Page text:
However, there were also people who liked what Kaspar Frauenschuh introduced to his native Kitzbühel in the 1970s. People who were ready, although a bit hesitant, to wear their new Moncler jackets, and who didn’t really care who would secretly mock them for looking like the “Michelin Man”. Kaspar Frauenschuh didn’t care either. He kept going. And the circumstances seemed to be perfect: His father gave him free rein to do whatever he thought right and his sister supported him from the very beginning – she still does, by the way. Plus: Kitzbühel started to attract an increasingly international audience. Kaspar’s store became a big success. And that gave him the chance to travel the whole world – from New York, Paris and London to Tokyo, Sri Lanka and the Maldives. Finally, in 1996, he founded his own fashion label: “Frauenschuh – Luxury Sportswear from Austria”. His women’s fleece jacket became his first signature piece. Those who weren’t familiar with the unusual fabric and tapered fit just called it an “ugly diving jacket”. A few years later, they probably wore it themselves: “If the majority doesn’t like it at first, it’s probably going to become a new trend,” Kaspar Frauenschuh says – with a bit of an impish smile on his face.

If the majority doesn’t like it at first, it’s probably going to become a new trend!


Rediscovering slowness

“You only have time if you take it,” a German proverb says. For creating his signature fleece jacket, Kaspar Frauenschuh took a lot of time. And that inner peace you need to take the time and create something great has become one of the key values in Kaspar’s professional career. “One step at a time,” is his motto. That’s how he created his fleece jacket, then his skiing trousers that have been successfully sold for 15 years, and finally, his boiled wool jacket. Kaspar gradually added more values to his mindset: nature, family, home, tradition, the mountains, top materials, handmade quality. The fact that he decided to stay in Kitzbühel, even though he would have definitely also made it in citieslike Tokyo, New York or London, is not surprising: Aall Frauenschuh products are handmade in Austria. Here, nature inspires him and calms him down. What’s more: Kitzbühel is his home and “has so much to offer: In summer, I love mountain biking, and I spend a lot of time at the lake and meet a lot of interesting people there.” Kaspar Frauenschuh could have easily expanded his business, could have opened stores worldwide, could have sold his designs at Harrod’s or Macy’s. But he didn’t. Because he stayed true to his values. He would never sell his designs in big department stores. One might call it “denial” of the modern (fashion) world, but looking at the brand’s designs and marketingstrategies, it becomes very clear that it’s not: All designs are made from traditional, regional fabrics, using the latest manufacturing technologies. And if you google “Frauenschuh”, you will instantly find a website including a company blog, a facebook page as well as an Instragram channel. The mastermind behind Frauenschuh doesn’t only take his time, he also moves with the times. And he knows that his clientele is much more demanding than it used to be in the 1970s, when it was normal for his customers to wait for their new pair of hot pants from Paris for three weeks. That’s why he decided to set up an online store in 2011.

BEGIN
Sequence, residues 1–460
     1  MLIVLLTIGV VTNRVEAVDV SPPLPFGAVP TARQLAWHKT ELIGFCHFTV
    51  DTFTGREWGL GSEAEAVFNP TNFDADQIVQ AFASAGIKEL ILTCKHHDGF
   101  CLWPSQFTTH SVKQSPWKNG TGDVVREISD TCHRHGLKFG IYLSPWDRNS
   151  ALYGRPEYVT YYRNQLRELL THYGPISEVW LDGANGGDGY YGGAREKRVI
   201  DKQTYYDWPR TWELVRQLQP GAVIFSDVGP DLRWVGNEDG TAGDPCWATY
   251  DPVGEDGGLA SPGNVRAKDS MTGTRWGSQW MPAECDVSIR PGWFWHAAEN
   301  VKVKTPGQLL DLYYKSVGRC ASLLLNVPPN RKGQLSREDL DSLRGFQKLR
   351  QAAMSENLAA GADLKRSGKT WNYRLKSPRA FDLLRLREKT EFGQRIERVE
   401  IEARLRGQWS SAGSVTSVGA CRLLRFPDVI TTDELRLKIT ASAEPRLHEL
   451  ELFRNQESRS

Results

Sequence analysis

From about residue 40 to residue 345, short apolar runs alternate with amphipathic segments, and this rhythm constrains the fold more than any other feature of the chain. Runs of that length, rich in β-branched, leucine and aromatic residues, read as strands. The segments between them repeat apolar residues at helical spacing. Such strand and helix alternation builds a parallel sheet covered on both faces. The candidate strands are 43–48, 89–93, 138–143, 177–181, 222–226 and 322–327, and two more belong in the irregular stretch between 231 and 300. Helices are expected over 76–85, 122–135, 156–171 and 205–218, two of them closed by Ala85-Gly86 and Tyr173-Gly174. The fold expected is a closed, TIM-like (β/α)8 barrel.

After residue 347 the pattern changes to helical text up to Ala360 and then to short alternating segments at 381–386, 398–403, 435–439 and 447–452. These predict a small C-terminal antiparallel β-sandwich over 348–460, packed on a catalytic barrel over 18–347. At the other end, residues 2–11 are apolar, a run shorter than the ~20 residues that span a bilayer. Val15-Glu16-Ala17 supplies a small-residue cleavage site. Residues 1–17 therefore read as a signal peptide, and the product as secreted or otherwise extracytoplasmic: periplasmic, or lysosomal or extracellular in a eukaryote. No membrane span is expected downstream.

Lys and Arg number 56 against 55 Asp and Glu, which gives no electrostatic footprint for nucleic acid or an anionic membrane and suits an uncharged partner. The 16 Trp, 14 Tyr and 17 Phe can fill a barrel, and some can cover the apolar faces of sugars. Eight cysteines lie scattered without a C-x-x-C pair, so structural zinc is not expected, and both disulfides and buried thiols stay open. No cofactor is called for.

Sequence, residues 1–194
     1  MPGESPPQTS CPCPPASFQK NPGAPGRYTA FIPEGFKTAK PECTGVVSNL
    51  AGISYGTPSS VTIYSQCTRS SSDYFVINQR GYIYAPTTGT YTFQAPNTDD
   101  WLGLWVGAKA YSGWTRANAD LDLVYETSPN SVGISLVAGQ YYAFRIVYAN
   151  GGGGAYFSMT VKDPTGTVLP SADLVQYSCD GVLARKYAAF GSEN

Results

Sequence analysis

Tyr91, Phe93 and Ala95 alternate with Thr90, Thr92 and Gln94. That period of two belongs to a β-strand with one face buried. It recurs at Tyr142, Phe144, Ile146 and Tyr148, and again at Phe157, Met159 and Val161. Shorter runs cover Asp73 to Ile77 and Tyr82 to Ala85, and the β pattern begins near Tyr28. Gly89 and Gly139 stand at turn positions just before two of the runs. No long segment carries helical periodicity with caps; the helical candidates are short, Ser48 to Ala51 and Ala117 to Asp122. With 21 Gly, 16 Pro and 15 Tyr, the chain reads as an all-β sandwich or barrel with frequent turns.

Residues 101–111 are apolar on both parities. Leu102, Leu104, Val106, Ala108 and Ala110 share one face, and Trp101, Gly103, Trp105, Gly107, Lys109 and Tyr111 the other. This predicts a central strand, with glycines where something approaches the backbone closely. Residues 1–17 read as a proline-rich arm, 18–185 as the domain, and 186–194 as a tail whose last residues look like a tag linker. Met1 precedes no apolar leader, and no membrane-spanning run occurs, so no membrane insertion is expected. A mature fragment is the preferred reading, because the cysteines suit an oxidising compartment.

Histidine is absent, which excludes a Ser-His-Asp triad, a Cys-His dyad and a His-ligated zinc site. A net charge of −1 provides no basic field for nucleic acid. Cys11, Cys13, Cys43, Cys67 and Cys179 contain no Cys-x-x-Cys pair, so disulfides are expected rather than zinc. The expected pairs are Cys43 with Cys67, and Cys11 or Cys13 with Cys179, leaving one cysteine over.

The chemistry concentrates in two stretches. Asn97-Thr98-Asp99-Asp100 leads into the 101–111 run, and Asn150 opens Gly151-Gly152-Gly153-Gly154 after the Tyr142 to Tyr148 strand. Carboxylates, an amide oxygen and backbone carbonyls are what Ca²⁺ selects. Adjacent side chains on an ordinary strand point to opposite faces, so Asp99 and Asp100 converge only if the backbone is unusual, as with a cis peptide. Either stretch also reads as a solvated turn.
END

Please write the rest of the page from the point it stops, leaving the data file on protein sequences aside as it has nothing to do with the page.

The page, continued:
His exquisite designs, fine materials and the handmade quality of his products are definitely all part of Kaspar Frauenschuh’s success. So is the fact that he never let anyone stop him from following his visions. As well as the fact that, deep inside, he always knew his customers needed more time to adapt to new trends and he would need to find a way to deal with it. But what he considers his absolute key to success is: “To know what really defines the soul of your business.” A piece of advice he gives to all young entrepreneurs, Kaspar Frauenschuh tells us, still stroking his soft deerskin coat in the room with that subtle scent of leather in the air.

Text: Martha Miklin //
Photos: Ian Ehm //

April 22, 2016